7. What to make of this collection? As a whole it was all over the place--one essay would read like it belonged in an academic journal, another like it was meant to be copied and distributed to an intro to creative writing class at the community college. The essays themselves were decent if the author could decide on the focus, and I will say I got at least *some*thing out of each of them once I figured out where they were going. Some of them, of course, never went anywhere, instead reading like th [...]

    8. I'm being a little generous with my rating - I'd have preferred a 3.7 or 3.8, but chose to round-up instead - mostly because, for all that they profess to instruct and suggest, some of these essays did little more than explain a genre, form, or trend without bothering to handle either the technical aspects or the possible usefulness of these things. That being said, the essays that WERE instructive, I will be looking back to for decades to come. These writers have helped me to actively rethink m [...]

    9. These are not how-to craft essays although you can glean some how-to from them. They are mostly structured as, or modified from, talks given at Tin House Writers Workshop seminars. So they have that inspiring and motivating quality to them that highly competent, literate, and passionate people bring when they talk about something they love. This book is in kinship with the Iowa Writer's Workshop book The Eleventh Draft. My favorite line in the book is Chris Offutt's on revision: "Revising requir [...]

    10. It's always interesting when people from the "creative writing can't be taught school" write books that help you to do just that. They're either redefining what it means to be "taught," or they're just hypocrites, and they need the money. Having said that, I think this is a very good book on writing. Written by different authors, they're more like essays than a how-to book. They talk about things like plot and structure and challenge you to look at them from new angles. It should also be noted t [...]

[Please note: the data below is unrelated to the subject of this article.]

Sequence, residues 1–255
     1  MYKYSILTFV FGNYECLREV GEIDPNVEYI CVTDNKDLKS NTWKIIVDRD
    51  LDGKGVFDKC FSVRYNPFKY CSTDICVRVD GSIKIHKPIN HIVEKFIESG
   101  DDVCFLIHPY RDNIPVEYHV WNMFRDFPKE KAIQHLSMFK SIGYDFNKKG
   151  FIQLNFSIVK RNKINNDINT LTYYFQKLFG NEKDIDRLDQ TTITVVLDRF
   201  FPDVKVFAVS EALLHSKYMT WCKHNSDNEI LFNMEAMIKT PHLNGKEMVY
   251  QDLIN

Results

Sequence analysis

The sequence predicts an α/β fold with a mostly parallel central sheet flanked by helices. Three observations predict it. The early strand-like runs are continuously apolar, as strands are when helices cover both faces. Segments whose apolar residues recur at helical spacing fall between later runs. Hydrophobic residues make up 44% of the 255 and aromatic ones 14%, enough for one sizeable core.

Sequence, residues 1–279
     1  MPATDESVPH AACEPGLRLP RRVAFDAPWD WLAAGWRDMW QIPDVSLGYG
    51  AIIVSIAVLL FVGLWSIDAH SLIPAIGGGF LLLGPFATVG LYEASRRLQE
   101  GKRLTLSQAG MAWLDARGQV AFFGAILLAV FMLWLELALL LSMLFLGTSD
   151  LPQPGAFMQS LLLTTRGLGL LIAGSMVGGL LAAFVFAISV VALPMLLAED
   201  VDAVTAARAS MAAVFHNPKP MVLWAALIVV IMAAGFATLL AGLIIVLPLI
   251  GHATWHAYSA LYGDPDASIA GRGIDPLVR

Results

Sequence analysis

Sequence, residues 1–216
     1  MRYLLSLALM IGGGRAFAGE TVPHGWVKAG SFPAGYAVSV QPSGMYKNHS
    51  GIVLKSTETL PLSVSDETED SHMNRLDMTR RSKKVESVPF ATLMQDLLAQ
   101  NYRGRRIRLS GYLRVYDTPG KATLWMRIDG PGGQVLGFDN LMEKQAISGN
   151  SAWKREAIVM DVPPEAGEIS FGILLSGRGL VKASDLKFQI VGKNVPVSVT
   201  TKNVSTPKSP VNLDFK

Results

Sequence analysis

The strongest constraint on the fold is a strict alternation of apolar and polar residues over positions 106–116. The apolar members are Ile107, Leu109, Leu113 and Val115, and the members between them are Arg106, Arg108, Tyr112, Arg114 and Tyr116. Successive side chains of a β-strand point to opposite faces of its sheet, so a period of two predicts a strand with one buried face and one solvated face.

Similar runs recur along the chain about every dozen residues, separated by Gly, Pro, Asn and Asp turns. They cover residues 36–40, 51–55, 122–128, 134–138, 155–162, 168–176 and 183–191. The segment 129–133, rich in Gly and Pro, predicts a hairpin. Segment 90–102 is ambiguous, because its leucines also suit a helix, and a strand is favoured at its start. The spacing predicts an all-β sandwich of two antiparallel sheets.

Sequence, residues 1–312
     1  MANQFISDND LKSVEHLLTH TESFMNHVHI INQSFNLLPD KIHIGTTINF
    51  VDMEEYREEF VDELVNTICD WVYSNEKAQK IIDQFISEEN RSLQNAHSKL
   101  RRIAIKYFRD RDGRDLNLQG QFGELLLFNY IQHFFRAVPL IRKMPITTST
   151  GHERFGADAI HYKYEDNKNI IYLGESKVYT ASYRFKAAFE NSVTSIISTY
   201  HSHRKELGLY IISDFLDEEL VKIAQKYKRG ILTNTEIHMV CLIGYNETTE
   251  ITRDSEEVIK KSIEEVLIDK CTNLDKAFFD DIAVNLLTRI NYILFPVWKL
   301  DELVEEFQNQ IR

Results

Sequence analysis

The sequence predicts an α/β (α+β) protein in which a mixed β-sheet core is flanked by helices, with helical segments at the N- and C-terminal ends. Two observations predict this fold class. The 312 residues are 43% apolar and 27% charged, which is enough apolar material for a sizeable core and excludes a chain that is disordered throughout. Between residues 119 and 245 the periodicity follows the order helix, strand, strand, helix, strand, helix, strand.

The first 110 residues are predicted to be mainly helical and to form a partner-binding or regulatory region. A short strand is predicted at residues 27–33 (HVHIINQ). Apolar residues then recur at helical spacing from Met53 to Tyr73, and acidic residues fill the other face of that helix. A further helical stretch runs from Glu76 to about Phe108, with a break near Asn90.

11. For teaching. A wide variety of good ideas here.I really like D.A. Powell's essay and it helped me explain something to students that is often hard to explain: the idea that not knowing what you're doing and/or encouraging the subconscious is good. Anna Keesey's essay on making scenes is also very useful.

    12. Seventeen essays on the craft of writing from Tin House writers' workshop leaders Aimee Bender, Dorothy Allison, and Jim Shepherd. It's a good bunch of writers and a good bunch of essays on the nuts and bolts of writing plus a bonus cd. [ full review ]

    13. First: Massive, huge apologies to Johnny Baks for what I'm about to write. You know I still got your back. You should get this book solely because it has Steve Almond's essay "Hard up for A Hard on", on writing sex scenes. It's adapted from the talk he gave in 2007 at Tin House, and it's hilarious.

    14. I'll admit it - I'm a writing craft book junkie. If I see it on the shelf and it survives a prelim glance, I'll buy it and read it.This is a great book. If you're looking for some help in getting focused or improving your writing, grab a copy and enjoy.Especially the chapter on sex scenes.;)

    15. Not quite as strong as John Gardner's "How to become a novelist" but still up to par with the usual mastery that demonstrate the people at "Tin House" (my personal favorite as far as literary mags go).It contains interesting views about the craft.

    16. I won this book through Giveaways. The collection of essays does a nice job of covering a wide range of issues relevant to aspiring writers. The quality of the advice is middling. I would recommend checking it out if you are interested in a textbook/creative essay hybrid.

    17. There is an essay for every writer in this "notebook." The one by Dorothy Allison was by far my favorite though. It is definitely one that I will use again for teaching. I know that I will look to it again and again for advice on my own work. I heartily agreed with much of what I read.

    18. The chapter "Place" by Dorothy Allison was by far my favorite. "Le Mot Incorrect" by Jim Krusoe took second place.One of my friends reviewed it in his online magazine Propeller.

    19. More of a rumination on writing than an actual "how to" book. Although it was a fairly entertaining read, I didn't learn much, and most of the writerly insights were insubstantial.

    20. some useful essays in here. some that made no sense to me. And some that just seemed like common sense when writing. over all worth the read, though.

    21. Not very actionable advice. Some chapters are useless literary mental masturbation. Would not recommend. The only good chapter is the one on revising.

    22. Some great, some good, all worthwhile to consider.Anna Keesey and Aimee Bender clear it up--bigtime (thanks!).Almond is Almond. Krusoe interesting discussion on words.

    23. Highlights: Dorothy Allison on place, Matthea Harvey on imaginary worlds, Anna Keesey on scene and summary, and Chris Offutt on revising.